t TBIs provide qualifying new start-ups with building space in physical proximity to other similar tenant firms. This positioning allows businesses to obtain space often at below market rental rates, share facilities, equipment, and services at low cost. When incubators are associated with universities as is the case with UTBIs the benefits provided to the new firm also include access to university facilities such as libraries, laboratories, etc. again on a per use basis. Tenants have better access to the qualified university personnel and university reputation also adds to the tenants ' marketing potential. In return, universities enjoy several benefits including student employment and training, potential for faculty consulting and entrepreneurship, and image building by participating in regional economic development.

    2These observations are based on the author 's personal communications with several industry experts and practioners during the past several annual professional conferences. Also, see Allen and Bazan (1990) and Allen and McCluskey (1990).

    3This study is not aimed at passing judgment about the effectiveness of one facility over the other; the purpose is to identify the key components of a cost-benefit model necessary to make such an assessment. The study takes the perspective of university administrators.

  • UNIVERSITY TECHNOLOGY BUSINESS INCUBATOR 253

    base in three areas of relevance (1) business incubation support; (2) the university's involvement in technology and business development support; and (3) the commonly accepted organizational effectiveness approaches. Further, the use of this framework is illustrated through its application to four representative UTBI cases taken from a national study of 30 five-year and older U.S. facilities. (Mian 1991, 1994a).

    LITERATURE REVIEW

    A review of the existing body of literature in the three areas of knowledge relevant to the UTBI performance assessment and management, identified earlier, is provided below:

    Business Incubation Support

    With the growing popularity of the business incubation concept during the 1980s, nu- merous studies have been conducted to assess the emerging incubator industry across the nation (Temali and Campbell 1984; Allen 1985; Smilor and Gill 1986; Allen and Levine 1986; Hisrich and Smilor 1988; Campbell et al. 1988). During the 1989-90 period, four state-level incubation programs (Ohio, Iowa, Pennsylvania, and Michigan) were systematically evaluated (NBIA 1992). A review of all these 1980s studies show that most of them are primarily descriptive, lacking conceptual and/or methodological grounding (Allen and McCluskey 1990; Mian 1991). Only two of these studies (Smilor and Gill 1986; Allen and Levine 1986) made an effort to address the performance issues and were comprehensive enough to mention the role of universities in providing busi- ness incubation support (Mian 1994).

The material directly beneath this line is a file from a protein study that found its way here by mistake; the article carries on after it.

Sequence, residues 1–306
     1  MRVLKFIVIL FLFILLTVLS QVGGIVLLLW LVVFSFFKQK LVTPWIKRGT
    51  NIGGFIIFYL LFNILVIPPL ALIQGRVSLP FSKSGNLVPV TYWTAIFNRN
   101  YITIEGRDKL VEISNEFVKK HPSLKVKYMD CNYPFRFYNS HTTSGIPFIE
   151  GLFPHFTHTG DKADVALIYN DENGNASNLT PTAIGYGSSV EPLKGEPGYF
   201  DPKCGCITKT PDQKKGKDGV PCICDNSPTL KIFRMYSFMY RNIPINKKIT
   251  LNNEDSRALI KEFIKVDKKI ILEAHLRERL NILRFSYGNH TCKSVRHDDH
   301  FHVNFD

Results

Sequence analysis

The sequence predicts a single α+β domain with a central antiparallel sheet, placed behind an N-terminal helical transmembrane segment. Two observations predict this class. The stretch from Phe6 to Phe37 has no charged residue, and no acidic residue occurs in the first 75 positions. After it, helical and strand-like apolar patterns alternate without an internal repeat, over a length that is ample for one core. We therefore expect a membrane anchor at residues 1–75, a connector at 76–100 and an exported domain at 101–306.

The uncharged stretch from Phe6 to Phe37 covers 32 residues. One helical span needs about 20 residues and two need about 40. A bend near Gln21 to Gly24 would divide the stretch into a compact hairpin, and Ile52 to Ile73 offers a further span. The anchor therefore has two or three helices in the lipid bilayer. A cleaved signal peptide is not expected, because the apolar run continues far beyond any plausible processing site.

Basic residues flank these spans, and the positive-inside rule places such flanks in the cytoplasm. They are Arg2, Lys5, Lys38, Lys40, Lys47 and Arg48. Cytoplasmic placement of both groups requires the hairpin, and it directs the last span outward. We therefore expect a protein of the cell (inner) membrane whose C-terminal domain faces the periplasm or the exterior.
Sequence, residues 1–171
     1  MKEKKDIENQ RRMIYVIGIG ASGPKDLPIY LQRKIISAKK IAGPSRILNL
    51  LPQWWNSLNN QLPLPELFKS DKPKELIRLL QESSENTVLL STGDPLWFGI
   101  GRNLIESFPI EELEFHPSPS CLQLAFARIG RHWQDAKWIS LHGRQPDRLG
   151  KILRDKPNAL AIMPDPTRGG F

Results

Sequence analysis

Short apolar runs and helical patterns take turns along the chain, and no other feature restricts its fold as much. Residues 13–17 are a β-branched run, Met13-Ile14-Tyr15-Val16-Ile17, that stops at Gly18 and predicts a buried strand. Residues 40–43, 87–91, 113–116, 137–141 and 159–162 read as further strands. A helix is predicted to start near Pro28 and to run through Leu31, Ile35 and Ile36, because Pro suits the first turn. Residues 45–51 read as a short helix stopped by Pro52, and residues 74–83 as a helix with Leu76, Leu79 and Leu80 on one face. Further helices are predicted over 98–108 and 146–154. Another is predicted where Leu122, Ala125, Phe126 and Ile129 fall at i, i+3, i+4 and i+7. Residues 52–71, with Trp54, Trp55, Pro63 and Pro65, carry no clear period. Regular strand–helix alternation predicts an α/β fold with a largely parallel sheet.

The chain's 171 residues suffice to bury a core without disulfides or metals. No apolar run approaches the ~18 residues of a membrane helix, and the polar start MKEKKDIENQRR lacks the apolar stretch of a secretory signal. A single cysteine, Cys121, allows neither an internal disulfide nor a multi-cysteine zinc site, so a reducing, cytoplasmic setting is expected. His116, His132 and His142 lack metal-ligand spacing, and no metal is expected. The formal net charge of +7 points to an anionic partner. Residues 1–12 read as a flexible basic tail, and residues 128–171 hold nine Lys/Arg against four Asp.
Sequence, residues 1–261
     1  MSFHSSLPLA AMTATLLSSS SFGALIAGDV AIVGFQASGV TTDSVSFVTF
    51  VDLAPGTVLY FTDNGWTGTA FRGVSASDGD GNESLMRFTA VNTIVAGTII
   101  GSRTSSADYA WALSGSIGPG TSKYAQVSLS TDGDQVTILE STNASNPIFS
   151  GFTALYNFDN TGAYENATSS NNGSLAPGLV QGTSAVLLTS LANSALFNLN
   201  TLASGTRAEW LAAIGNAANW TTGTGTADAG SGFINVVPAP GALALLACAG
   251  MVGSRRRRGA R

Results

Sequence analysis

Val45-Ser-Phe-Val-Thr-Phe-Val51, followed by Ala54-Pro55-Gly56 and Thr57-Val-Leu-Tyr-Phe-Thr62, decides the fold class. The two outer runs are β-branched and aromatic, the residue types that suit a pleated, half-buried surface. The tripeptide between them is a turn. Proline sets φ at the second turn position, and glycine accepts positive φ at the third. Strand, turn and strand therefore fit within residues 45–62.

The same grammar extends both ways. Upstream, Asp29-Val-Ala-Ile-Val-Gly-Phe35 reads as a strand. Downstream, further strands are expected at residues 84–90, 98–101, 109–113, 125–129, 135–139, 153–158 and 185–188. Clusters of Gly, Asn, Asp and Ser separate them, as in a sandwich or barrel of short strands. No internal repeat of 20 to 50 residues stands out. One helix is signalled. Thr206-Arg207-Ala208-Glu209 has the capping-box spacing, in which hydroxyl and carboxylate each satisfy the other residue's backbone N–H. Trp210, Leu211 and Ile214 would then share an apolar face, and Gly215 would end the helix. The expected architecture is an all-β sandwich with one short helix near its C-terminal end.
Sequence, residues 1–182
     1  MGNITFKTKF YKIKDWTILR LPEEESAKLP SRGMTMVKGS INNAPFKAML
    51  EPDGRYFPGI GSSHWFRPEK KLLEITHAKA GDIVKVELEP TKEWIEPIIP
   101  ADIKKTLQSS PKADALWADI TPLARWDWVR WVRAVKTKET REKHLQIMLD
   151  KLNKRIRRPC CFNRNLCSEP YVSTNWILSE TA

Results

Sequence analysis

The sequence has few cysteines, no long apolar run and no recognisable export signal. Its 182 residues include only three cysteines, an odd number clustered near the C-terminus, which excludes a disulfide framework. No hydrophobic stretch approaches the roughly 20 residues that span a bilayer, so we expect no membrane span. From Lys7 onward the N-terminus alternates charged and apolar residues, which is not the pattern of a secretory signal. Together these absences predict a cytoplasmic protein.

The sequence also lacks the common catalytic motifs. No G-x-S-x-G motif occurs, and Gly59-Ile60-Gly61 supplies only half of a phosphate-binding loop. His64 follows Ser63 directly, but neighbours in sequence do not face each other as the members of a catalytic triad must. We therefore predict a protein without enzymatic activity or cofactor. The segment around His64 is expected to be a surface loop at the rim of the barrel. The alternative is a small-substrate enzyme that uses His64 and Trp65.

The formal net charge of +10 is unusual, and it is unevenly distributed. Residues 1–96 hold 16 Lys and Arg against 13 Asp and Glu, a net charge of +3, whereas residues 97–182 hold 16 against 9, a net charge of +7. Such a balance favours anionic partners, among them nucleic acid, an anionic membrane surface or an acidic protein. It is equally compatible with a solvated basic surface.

More recently, several researchers have attempted to more specifically address the incubator performance issues (Lichtenstein 1992; Rice 1993; NBIA 1993b). The first two studies review the internal processes in providing incubation support such as net- working and managerial intervention at the micro level. In the first study (Lichtenstein 1992), an incubator relationships model was derived from the social sciences perspec- tive, which postulated a flow diagram of the processes by which networking among en- trepreneurs and their firms produces economic success. This model was tested on two non-university-related facilities, which however, lacked some degree of generalizability for UTBIs. In the second study (Rice 1993), which hypothesized incubator governance as one of the key components of the performance, a mixture of university-sponsored and economic development entity-sponsored facilities were explored, providing useful insights regarding managerial intervention mechanisms. A third contemporary effort resulted in a workbook type evaluation manual put together primarily for incubator managers' use (NBIA 1993b). This Economic Development Administration-funded work is a preliminary attempt at developing a "comprehensive" evaluation docum